Still, playing Joy Division songs live is one of two things that he doesn’t regret doing ("especially Closer – we never got to play it because Ian [Curtis] died").The other is his new book release, 'Joy Division: Unknown Pleasures'. Following the success of 'The Hacienda: How Not to Run a Club', Hook had the confidence to write what probably should have been written first, "I was sick of reading books about Joy Division from people who weren’t there and weren’t involved and it wasn’t fair. I thought, ‘I’m going to put that right".

For Joy Division biographers before, the problem isn’t just their books are post-dated or a posteriori. It’s that they can never quite capture honestly the spirit of Joy Division. They are just voyeurs to the folklore of the band like we are as fans and painting a series of debauched and fatal events doesn’t tell us a lot. This book adds flesh to the band’s story, showing that there was a ‘Joy Division’ before there was the Joy Division. From Hook and Sumner’s school day rebellion to the former assuming him beloved mother’s ‘suffer-no-fools’ personality, it all seems to correlate with what they came to represent as a group – boldness. Joy Division’s essence preceded their collective existence and there is no one that can tell the story better than the members themselves.

Perhaps Hook, with his loquacious personality (which, despite his working class roots makes him seem at home with the white collar ‘1%’of the Groucho Club on the day of this interview) is the best man to tell the story. "I’m not the shy and retiring type", he states, and he never has been. It was his self-confessed bluff side that was sparked when he saw the Sex Pistols play The Lesser Free Trade Hall in 1976, "it just seemed like they were stood in front of a wall of feedback telling everyone to fuck off and at 20 I thought, that’s exactly what I want to do: just tell everyone to fuck off". Lucky for him, he found himself at a record company that wanted to do the same thing.

"The model of Factory as a record company is revered today – people know it won’t work but they revere it because that’s what they’d like to". Joy Division is inextricable to the legacy of Factory Records and though Hook may be called all kinds unflattering epithets, he is loyal to the people that made the band happen in this book, "those people were very, very important to us", Hook continues, "what I found when I got to London records with New Order was that they had narrow vision. They just wanted you to be big artists and hit records. Tony [Wilson} didn’t care about that, he loved it when you were awkward, when we did things that people hated and loved – he had a lot of breadth".

Joy Division – Atmosphere


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But Joy Division wasn’t all a big ‘fuck you’ to ‘the man’ and though Ian Curtis’ passing gives heed to the crude intrigue of the ‘suffering musician’ archetype there is nothing romantic about suicide, "as you get older you realise how ridiculous that is and as I said in the book: ‘a wife lost a husband, a daughter lost a father’, a lot more important things than a poxy group". Realising this, Hook had a revelation of his own, "when I wrote it all out, looking at the timeline as his illness became worse, I actually became more guilty. I thought insanely that I’d write the book and I wouldn’t feel guilty. I finished the book and I was like ‘oh, shit!’ It didn’t work."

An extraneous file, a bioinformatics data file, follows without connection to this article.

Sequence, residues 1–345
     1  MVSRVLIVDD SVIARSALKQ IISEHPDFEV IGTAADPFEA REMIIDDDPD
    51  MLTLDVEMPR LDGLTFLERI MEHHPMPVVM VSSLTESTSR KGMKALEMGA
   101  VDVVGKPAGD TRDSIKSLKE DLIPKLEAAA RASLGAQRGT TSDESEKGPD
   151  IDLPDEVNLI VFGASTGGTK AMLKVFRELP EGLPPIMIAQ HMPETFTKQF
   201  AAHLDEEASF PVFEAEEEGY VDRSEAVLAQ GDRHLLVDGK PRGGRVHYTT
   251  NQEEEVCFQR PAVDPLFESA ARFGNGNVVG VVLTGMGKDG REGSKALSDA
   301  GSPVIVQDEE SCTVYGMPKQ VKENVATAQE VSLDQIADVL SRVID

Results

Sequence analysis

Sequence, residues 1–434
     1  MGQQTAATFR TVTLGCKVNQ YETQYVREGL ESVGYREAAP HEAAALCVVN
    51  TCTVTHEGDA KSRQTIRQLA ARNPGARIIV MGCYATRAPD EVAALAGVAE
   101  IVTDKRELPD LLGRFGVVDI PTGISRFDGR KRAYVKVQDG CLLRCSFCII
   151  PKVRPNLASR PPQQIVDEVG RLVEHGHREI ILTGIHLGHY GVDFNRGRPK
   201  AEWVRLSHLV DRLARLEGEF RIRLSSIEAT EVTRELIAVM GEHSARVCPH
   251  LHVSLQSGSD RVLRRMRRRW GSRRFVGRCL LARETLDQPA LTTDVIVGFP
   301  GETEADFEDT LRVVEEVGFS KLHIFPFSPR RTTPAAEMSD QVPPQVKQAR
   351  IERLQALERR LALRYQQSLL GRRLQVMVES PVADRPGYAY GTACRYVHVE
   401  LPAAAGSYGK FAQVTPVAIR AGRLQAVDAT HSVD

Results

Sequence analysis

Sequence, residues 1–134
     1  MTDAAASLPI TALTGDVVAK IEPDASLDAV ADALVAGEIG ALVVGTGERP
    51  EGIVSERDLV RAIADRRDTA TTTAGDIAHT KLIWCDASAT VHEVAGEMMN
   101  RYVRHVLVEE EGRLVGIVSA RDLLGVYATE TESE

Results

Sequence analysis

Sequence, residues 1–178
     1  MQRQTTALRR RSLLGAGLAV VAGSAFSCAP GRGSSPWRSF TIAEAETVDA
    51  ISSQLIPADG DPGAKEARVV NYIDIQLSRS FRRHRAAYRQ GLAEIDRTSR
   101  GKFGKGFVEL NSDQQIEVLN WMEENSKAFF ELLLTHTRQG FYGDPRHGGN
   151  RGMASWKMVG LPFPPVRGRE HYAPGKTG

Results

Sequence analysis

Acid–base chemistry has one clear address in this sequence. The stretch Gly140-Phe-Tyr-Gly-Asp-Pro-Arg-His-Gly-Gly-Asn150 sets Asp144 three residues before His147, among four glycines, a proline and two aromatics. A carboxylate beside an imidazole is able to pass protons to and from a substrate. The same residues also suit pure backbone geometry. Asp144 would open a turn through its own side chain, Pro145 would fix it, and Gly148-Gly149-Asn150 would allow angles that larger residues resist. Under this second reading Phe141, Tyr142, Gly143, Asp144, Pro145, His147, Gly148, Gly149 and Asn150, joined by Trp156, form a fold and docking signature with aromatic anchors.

With these fleshier moments coupled with the comic ones ("Barney eating in a bath, that’s gonna drive him mad that. He’s going to get asked loads of questions about why he ate in the bath!"), the memories show that Joy Division, at least in part, belongs to Peter Hook. From what started as a boyhood dream and transformed into this incredible reality, he was present through it all. But will his former friends see it this way? He doesn’t expect so. "I think they’ll read the book and they’ll think, ‘I’m going to give my lawyer a call."

The interview comes to a close after 50 minutes though we could probably go the whole day with him waxing lyrical about the peaks and troughs of his band – he’s far from shy about his success, "it always makes me laugh when people accuse me of trading on the past. I always think if you had a fucking past, you'd be trading on it", Hook emphatically spits. But 'Joy Division: Unknown Pleasure' isn’t just Peter Hook collecting some already exhausted stories for a quick pay out. It provides a kind of personal insight that most of us haven’t been privy to until now. "Doing the book was like sweeping a room clean, now I can move on to the next room and start cleaning that one".

"So a New Order Book then?" I ask tentatively.

"I never said it, you said it".

Words by Michelle Kambasha

– – –

'Unknown Pleasures: Inside Joy Division' is out now.

George Michael has been forced to cancel all upcoming Australian shows, acting on advice of doctors.

Battling his way back from a serious bout of pneumonia last year, George Michael is attempting to make his way to stage fitness. Organising a tour of Australia, the singer intended piece together a brand new set for fans. It seems that the repercusions of that recent battle with ill health can still be felt, though, with the singer cancelling all upcoming shows.

Issuing a statement to fans, George Michael confirmed that he has been forced to cancel those Australian shows. George Michael explained that the decision "breaks my heart" but the singer was forced to obey doctor's orders. The full statement reads:

– – –